Osteo….The different types bone cells. Osteoblasts - make new bone and help repair damage; Osteocytes- mature bone cells.carry nutrients and waste products to and from blood vessels in the bone; Osteoclasts- break down,reabsorb bone and help to sculpt and shape it. Osteoclasts are very active in kids and teens, working on bone as it is remodeled during growth. They also play an important role in the repair of fractures.
Bone Growth- Epiphyseal Plate An epiphyseal plate consists of layers of cells: resting cells, young cells, older enlarging cells and dying cells. The epiphyseal plates are responsible for lengthening. Long bones continue to lengthen until the epiphyseal plates are ossified.
Bone Growth- Epiphyseal Plate Growth in thickness is due to intramembrano us ossification beneath the periosteum. The action of osteoclasts forms the medullary cavity.
HOMEOSTASIS OF BONE TISSUE Osteoclast and osteoblast continually remodel bone. The total mass of bone remains nearly constant throughout life. While it may appear to be lifeless it is VERY active Adult skeleton normally recycles 5-7% of our bone mass a week…spongy bone replaced every 3-4 years, compact bone every 10.
Factor Affecting Bone Development Sunlight, hormonal secretions, and exercise all affect bone development Deficiencies of vitamin A,C, or D result in abnormal development. Physical stress Exercise thickens and strengthens bone tissue Lack of activity can cause waste and thin tissue.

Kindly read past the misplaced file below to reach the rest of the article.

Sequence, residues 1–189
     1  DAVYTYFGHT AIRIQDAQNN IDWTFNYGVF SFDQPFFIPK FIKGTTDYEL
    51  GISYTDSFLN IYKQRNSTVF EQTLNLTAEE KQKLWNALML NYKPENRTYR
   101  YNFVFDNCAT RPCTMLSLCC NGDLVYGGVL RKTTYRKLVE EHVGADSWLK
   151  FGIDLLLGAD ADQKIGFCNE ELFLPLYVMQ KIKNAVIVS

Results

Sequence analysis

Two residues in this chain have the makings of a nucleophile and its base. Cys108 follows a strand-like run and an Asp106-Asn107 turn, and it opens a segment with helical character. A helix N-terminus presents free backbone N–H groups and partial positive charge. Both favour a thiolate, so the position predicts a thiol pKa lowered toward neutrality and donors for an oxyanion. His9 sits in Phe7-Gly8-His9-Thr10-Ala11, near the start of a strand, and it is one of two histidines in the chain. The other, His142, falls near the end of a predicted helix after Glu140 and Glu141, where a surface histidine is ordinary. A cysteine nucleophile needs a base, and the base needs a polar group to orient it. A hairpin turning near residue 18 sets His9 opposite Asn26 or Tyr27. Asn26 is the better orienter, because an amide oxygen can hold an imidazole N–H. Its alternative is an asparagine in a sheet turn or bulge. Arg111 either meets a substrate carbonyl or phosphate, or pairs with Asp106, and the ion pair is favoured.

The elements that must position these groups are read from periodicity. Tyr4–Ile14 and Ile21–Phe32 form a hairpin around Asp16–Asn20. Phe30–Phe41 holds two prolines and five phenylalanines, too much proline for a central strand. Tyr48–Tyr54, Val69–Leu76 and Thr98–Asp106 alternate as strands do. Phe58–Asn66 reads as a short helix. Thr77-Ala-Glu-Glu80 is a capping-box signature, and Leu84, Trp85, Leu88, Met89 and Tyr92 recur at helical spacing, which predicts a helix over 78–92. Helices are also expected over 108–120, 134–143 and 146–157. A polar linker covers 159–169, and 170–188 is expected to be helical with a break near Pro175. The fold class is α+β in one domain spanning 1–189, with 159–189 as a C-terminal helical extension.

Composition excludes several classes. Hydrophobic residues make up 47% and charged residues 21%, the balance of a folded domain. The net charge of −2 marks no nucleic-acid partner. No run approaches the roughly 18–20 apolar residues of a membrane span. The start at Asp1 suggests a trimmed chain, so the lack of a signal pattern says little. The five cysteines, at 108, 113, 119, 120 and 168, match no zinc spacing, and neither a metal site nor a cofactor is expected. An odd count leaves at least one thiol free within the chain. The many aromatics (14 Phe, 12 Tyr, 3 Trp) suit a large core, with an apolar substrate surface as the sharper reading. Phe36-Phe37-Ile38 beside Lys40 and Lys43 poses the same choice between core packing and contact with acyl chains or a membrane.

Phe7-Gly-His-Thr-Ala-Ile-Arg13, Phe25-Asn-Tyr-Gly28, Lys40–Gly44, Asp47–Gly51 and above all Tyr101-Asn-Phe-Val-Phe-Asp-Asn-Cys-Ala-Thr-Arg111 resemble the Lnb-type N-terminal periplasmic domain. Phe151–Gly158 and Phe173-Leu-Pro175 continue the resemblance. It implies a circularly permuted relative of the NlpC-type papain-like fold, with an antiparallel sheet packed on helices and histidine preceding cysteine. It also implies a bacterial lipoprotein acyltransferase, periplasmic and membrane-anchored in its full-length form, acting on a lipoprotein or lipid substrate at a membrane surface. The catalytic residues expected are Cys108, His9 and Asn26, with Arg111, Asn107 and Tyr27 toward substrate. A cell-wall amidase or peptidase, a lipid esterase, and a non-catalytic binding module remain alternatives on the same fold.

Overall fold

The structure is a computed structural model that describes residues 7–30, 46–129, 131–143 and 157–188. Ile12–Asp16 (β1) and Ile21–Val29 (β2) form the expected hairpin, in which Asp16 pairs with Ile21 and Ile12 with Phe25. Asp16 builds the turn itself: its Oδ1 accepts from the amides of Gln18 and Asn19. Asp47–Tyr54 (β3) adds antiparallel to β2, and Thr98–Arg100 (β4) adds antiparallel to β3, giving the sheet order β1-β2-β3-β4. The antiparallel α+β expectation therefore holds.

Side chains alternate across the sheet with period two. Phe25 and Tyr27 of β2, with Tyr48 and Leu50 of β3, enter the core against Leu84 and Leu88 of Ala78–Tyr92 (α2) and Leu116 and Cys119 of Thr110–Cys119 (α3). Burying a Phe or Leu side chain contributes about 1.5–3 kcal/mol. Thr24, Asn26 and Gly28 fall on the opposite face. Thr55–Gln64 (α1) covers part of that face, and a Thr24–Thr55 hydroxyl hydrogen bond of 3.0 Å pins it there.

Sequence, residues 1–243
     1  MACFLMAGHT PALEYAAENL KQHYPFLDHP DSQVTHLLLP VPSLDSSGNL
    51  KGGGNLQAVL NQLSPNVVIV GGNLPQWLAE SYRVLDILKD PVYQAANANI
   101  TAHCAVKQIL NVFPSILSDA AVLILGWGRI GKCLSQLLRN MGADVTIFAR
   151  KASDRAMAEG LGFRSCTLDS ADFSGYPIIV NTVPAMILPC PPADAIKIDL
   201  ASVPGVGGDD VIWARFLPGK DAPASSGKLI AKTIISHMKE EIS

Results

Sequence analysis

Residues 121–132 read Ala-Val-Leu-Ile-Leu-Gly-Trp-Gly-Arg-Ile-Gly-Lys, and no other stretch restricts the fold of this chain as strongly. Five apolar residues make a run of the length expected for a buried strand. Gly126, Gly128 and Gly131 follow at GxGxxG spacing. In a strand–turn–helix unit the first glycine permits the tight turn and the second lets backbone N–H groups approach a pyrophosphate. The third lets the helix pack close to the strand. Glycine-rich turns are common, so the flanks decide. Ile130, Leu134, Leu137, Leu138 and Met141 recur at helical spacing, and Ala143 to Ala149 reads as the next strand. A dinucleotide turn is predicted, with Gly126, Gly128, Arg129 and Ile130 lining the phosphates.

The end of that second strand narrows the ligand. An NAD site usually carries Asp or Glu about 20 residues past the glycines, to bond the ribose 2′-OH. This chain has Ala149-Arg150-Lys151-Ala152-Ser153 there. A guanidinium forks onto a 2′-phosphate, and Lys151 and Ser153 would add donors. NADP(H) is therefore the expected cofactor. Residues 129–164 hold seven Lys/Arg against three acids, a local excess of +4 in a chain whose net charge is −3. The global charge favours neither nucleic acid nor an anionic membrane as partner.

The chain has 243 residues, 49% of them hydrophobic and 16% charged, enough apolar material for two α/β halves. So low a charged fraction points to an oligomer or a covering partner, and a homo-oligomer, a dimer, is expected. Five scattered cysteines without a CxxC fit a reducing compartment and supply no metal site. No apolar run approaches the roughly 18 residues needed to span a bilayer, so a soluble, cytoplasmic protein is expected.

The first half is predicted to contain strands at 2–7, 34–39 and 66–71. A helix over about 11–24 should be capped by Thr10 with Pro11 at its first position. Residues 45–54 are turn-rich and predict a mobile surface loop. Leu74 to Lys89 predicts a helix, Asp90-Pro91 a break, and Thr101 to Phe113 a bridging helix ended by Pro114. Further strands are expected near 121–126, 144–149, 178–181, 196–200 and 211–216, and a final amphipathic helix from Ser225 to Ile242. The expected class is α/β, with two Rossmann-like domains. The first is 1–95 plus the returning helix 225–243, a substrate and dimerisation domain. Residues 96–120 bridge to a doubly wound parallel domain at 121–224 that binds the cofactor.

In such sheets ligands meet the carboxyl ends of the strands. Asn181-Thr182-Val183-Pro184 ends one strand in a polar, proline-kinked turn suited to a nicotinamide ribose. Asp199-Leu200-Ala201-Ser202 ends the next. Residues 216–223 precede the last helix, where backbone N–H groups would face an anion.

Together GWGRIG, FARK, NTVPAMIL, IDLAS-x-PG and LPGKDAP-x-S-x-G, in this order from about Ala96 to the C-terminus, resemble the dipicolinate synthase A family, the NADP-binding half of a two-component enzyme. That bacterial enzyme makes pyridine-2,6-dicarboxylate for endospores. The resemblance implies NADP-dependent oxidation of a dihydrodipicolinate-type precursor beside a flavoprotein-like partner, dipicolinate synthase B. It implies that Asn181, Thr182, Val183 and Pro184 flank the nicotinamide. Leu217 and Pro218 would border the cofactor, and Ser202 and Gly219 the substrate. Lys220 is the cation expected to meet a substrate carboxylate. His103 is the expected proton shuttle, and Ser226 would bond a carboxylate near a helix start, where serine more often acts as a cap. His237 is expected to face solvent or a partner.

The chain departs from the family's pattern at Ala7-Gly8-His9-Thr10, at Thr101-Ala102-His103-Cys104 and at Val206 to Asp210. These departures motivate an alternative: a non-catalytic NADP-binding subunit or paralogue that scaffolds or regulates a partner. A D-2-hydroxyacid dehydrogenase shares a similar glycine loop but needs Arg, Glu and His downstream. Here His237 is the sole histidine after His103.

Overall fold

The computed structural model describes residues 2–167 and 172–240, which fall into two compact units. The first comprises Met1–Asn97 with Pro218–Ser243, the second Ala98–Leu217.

BONE- Blood Cell Formation Hemopoiesis- the process of blood formation. Begins in the yolk, which lies outside the embryo. Later in development, blood cells are manufactured in the liver, spleen, and still later they form in the bone marrow.
BONE- Blood Cell Formation Marrow- soft tissue within the medullary cavity of long bones, in spongy bone, and in canals of compact bone tissue.
MARROW RED MARROW- Functions in the formation of red blood cells, white b.c’s and blood platelets Occupies most cavities of infant bones, later replaced by yellow marrow. Yellow Marrow Stores fat Inactive in blood cell production. By adolescence, most of our marrow is yellow Red blood cells only live about 120 days, they are replaced or recycled.
Blood cell production in ADULTS routinely occurs in the heads of the _femur_ and humerous_. If you were to obtaining red marrow samples from the body. Some of the best places to go would be the Sternum and hip bones. Hematopoiesis are very active here
Inorganic Salt Storage The intercellular matrix of bone tissue contains collagen and inorganic mineral salts. The crystals that are formed are a type of CALCIUM phosphate.